According to a recent study published in the Sleep Health Journal, there is a link between fruit and vegetable intake and sleep quality among young adults, particularly women.
Erica Jansen, the lead author of the study, revealed that young women who eat less than five servings of fruits and vegetables a day are likely to experience persistent symptoms of insomnia.
300 men and 865 women took part in the research. The findings show that more than one-third of participants had difficulties falling asleep or staying asleep at least three times a week for three months or longer.
Women who raised their daily fruit and vegetable consumption to three or more servings experienced better sleep quality or reduced insomnia symptoms.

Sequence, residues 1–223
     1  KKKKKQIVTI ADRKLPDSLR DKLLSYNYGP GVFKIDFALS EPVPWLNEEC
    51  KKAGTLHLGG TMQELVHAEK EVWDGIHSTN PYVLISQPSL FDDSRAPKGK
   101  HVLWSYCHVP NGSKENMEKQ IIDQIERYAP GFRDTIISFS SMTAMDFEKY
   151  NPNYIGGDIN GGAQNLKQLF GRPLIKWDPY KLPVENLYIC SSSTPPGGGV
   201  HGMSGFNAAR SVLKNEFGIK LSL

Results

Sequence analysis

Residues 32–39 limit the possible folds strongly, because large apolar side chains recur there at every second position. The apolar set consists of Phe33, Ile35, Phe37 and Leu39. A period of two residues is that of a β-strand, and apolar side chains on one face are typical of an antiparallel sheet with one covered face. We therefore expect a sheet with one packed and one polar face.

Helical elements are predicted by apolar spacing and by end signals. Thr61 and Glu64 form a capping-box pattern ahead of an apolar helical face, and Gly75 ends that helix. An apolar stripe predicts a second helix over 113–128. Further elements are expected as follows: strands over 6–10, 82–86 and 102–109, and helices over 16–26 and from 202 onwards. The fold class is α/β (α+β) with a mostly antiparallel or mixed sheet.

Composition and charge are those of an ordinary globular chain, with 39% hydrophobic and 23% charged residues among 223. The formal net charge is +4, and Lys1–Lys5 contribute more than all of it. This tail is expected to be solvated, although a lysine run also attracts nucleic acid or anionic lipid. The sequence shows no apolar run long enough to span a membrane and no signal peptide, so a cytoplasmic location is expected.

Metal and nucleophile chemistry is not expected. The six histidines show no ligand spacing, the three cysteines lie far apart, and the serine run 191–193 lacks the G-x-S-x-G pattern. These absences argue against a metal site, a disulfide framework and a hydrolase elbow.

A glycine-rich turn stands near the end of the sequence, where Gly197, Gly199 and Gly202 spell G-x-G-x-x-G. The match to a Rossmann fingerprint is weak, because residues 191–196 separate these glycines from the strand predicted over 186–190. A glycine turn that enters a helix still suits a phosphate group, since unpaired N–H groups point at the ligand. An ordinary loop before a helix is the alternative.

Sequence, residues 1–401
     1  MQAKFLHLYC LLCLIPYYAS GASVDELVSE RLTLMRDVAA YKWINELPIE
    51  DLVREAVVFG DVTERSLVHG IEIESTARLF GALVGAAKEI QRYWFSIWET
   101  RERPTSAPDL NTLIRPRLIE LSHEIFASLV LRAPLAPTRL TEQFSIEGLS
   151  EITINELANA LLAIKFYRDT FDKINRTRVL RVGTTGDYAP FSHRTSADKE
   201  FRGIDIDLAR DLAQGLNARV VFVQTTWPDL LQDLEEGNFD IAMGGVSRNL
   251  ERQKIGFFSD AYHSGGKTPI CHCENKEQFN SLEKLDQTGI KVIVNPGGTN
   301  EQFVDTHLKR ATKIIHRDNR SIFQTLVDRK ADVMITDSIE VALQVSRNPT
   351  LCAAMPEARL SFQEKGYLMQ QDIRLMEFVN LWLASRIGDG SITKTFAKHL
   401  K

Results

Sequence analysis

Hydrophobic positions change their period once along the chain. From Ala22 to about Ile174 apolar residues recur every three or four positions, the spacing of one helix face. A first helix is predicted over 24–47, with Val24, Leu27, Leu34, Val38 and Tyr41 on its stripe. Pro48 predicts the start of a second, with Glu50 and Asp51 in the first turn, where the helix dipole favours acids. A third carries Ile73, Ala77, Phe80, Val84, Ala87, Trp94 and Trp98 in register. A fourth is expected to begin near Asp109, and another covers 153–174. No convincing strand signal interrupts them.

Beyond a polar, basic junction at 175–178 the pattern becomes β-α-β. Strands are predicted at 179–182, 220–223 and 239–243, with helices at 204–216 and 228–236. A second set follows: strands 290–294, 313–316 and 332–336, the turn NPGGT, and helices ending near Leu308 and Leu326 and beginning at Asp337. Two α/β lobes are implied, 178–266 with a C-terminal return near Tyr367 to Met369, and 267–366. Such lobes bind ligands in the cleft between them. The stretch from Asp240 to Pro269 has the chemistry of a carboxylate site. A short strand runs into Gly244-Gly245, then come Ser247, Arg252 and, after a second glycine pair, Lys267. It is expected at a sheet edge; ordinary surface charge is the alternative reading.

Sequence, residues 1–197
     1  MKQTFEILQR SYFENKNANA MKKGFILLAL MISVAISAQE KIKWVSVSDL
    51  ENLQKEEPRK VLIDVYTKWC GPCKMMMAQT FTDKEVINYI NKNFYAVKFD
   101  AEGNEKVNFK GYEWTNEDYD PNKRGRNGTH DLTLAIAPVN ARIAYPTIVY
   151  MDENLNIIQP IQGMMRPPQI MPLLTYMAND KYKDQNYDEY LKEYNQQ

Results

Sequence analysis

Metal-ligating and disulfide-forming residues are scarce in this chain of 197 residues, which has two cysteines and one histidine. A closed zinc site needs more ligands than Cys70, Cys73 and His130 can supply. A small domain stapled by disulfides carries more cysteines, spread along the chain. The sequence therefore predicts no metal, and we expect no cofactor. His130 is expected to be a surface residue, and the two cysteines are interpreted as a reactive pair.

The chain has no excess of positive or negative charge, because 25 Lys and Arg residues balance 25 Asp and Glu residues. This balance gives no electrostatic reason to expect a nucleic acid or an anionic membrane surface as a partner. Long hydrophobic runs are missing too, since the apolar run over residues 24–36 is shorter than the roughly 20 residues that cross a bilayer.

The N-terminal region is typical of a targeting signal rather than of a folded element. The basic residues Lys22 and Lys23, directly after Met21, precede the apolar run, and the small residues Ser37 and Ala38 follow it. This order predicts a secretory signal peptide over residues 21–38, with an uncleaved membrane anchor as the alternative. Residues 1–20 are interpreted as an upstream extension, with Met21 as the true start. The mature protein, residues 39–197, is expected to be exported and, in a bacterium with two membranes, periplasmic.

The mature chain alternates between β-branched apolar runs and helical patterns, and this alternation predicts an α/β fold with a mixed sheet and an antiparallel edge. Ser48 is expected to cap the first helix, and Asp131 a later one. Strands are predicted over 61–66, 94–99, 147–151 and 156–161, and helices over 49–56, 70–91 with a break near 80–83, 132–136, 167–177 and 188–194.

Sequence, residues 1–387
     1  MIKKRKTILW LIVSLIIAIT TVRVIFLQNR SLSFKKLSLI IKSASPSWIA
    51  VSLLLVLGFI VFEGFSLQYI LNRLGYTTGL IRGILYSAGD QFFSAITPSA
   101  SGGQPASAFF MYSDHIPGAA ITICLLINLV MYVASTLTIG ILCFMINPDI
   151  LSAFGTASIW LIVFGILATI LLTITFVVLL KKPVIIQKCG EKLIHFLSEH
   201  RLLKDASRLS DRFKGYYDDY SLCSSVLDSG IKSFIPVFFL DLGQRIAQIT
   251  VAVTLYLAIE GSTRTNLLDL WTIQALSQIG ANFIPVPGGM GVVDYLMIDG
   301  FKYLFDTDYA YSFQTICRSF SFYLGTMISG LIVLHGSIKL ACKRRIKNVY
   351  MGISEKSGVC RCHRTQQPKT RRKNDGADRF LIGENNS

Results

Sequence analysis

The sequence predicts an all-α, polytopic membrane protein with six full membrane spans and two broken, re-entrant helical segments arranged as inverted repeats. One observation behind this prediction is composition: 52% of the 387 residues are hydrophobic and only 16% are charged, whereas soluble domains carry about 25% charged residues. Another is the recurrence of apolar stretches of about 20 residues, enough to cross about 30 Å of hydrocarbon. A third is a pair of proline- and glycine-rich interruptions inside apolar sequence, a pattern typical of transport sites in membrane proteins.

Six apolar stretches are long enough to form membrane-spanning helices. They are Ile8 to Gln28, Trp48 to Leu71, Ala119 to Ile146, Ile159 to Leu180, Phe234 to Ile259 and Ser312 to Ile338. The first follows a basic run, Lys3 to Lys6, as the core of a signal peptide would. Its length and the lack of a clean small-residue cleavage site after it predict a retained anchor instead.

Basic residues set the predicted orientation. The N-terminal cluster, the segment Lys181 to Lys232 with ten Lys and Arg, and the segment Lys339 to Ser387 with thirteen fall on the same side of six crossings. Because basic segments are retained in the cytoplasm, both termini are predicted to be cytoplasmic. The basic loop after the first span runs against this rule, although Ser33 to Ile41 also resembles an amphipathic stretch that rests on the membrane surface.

The researchers did not see any differences in their sleep duration throughout the study period. This is expected since bedtimes and waking times are self-reported and are frequently influenced by work, school schedule, and social pressures hence may be less reactive to dietary changes.
The connection between diet and sleep was weaker among young adult men. However, it does not automatically imply that all females get more sleep than males after changing their fruit and vegetable intake.
The participants were not encouraged to monitor calorie intake or pay attention to their weight. And because the participants are young individuals with low consumption of fruits and vegetables, findings may not apply to those who practice a healthier diet.
A sleep clinician believes that the results are vital since eating more fruits and vegetables can also be associated with good sleep hygiene, such as following a consistent sleep schedule.